good similarities allowing one to build, during a last step, powerful linear separators.

3.1. Tree Edit Script Based Similarity

Let C be a positive cost matrix of size (|Σ|+ 1) ×(|Σ|+ 1) defining the possible edit operations over nodes of trees. Ci,j gives the cost of the

operation changing the symbol ci into cj, ci and cj ∈ Σ∪ {$}. Let #(t, t0)

be a (|Σ|+ 1)×(|Σ|+ 1) matrix whose elements #i,j(t, t0) correspond to the

number of times each edit operation consisting in changing ci into cj is used

to turn t into t0 _{in the optimal script obtained from any tree edit distance}

variant (Zhang and Shasha, 1989; Selkow, 1977). In other words, we consider the script corresponding to the minimum set of tree edit operations allowing one to change one tree into another one with respect to the tree edit distance considered (see Figure 1 for an illustration).

From these two matrices, the following edit function is then considered: eC(t, t0) =

X

0≤i,j≤Σ

Ci,j ∗#i,j(t, t0).

An important point here is that the computation of eC does not depend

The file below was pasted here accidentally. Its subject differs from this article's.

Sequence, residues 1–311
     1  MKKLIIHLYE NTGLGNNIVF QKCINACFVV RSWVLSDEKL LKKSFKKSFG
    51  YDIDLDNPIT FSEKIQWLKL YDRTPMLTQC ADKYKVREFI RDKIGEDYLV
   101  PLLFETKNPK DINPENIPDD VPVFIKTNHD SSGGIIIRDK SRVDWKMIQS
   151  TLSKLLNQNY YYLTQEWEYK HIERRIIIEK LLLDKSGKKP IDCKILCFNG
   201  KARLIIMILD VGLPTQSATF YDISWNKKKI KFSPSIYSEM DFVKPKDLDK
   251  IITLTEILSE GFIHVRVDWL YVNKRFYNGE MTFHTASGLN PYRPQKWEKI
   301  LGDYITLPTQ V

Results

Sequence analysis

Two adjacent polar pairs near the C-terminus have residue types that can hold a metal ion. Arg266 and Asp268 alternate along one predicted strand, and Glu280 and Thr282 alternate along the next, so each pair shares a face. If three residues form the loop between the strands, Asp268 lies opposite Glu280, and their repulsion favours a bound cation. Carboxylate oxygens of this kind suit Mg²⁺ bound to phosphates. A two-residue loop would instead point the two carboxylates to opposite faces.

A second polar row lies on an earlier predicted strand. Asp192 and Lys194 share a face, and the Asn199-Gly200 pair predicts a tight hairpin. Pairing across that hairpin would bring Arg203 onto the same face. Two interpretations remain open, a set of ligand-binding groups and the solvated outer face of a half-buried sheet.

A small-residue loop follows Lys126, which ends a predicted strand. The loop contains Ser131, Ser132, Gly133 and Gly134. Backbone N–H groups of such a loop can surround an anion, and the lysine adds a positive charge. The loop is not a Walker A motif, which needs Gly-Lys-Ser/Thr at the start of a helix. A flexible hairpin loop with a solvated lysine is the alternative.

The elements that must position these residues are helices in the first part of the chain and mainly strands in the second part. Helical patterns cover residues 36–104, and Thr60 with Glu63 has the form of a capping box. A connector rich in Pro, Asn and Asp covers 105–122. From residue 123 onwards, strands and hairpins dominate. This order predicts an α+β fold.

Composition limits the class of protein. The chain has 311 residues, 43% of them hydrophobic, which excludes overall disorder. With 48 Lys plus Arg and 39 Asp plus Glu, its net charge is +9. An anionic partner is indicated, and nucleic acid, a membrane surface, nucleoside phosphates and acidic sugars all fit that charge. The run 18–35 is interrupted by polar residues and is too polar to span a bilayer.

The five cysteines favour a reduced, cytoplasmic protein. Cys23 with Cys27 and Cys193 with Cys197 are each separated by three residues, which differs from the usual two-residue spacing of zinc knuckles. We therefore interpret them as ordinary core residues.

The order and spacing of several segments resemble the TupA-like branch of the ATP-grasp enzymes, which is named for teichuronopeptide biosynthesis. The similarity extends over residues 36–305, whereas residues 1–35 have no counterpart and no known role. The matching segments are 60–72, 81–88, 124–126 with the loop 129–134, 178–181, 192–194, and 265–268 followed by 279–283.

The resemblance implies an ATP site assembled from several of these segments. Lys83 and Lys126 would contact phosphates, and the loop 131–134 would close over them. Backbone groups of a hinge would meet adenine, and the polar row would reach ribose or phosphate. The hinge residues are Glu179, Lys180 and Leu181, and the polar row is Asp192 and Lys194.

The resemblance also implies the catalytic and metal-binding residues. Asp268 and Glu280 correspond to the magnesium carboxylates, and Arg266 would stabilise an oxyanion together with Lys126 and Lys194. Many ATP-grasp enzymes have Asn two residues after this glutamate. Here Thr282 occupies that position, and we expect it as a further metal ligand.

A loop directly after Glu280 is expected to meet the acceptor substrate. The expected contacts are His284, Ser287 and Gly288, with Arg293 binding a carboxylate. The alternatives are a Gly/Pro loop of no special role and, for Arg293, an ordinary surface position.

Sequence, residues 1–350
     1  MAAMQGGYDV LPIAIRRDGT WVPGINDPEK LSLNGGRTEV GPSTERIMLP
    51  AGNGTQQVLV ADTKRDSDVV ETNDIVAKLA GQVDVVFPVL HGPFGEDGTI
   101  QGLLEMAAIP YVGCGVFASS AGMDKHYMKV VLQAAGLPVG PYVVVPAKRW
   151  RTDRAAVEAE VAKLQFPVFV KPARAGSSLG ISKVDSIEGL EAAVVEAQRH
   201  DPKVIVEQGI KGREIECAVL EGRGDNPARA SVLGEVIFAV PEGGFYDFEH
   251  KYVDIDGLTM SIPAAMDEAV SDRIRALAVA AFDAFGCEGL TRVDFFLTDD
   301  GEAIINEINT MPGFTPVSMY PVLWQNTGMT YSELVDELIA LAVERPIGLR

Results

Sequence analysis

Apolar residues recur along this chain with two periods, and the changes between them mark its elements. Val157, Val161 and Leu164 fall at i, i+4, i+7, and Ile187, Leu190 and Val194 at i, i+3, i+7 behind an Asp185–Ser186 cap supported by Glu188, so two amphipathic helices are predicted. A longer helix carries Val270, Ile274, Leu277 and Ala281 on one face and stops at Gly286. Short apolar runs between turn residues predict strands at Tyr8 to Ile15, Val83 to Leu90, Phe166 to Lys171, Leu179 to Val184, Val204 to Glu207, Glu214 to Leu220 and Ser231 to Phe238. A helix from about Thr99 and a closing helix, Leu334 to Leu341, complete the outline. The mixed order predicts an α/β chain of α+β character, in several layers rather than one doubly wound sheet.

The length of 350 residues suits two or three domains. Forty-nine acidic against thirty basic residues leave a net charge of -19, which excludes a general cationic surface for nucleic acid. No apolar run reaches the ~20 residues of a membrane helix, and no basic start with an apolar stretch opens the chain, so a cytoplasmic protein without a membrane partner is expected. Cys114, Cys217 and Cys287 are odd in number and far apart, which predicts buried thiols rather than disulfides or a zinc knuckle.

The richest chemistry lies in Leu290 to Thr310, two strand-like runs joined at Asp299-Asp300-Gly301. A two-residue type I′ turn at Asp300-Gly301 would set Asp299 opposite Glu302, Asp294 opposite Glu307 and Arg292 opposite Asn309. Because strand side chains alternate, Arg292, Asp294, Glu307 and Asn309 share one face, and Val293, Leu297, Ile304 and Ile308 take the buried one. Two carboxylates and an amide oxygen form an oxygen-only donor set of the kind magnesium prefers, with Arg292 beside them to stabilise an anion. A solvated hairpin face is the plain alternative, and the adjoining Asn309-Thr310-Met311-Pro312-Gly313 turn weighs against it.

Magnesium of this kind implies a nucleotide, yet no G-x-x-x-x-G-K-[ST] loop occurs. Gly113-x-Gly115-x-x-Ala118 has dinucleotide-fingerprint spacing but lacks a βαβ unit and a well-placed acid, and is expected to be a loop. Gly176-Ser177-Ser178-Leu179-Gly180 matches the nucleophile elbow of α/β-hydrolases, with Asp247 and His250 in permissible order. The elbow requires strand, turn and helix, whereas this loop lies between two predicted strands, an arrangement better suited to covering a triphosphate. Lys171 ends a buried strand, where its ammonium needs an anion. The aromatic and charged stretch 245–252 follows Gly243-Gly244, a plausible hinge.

on the optimal script with respect to C. In other words, eC is evaluated by

considering the operations used in the optimal script, weighted by the custom
costs C. Therefore, since the edit script defined by #(t, t0_{) is fixed,} _{e}

C(t, t0)

is nothing more than a linear function of the edit costs and can be optimized directly. Bellet et al. (2012) define then the edit similarity function as:

KC(t, t0) = 2e−eC(t,t

0_{)}

−1.

The use of the exponential allows KC to introduce non-linear information in

the model and to belong to [_{−}1,1] as required by Balcan et al.’s framework
presented in the next section.

3.2. Learning Good Similarity Functions

In this section, we present our algorithm for learning good edit similar-ities. We first define the notion of good similarity. It relies on a relaxed version of Balcan et al.’s framework (Balcan and Blum, 2006; Balcan et al., 2008).

Definition 3 (Relaxed good tree edit similarity). A similarity function

K : TΣ ×TΣ → [−1,1] is an (, γ, τ)-good similarity function for a

learn-ing problem P if there exists a (random) indicator function R(t) defining a (probabilistic) set of “reasonable trees” such that the following conditions hold:

1. A 1_{−} probability mass of examples (t, `) satisfy

E(t,`)
E(t0_{,`}0_{)}[1−``0K_{C}(t, t0)/γ]
+|R(t
0
)
≤0. (1)

where [1−c]+= max(0,1−c) corresponds to the hinge loss.

2. Prt0[R(t0)]≥τ.

The first condition is essentially requiring thaton average a1−
propor-tion of trees t are 2γ more similar to random reasonable trees of the same
class than to random reasonable trees of the opposite class1 _{and the second}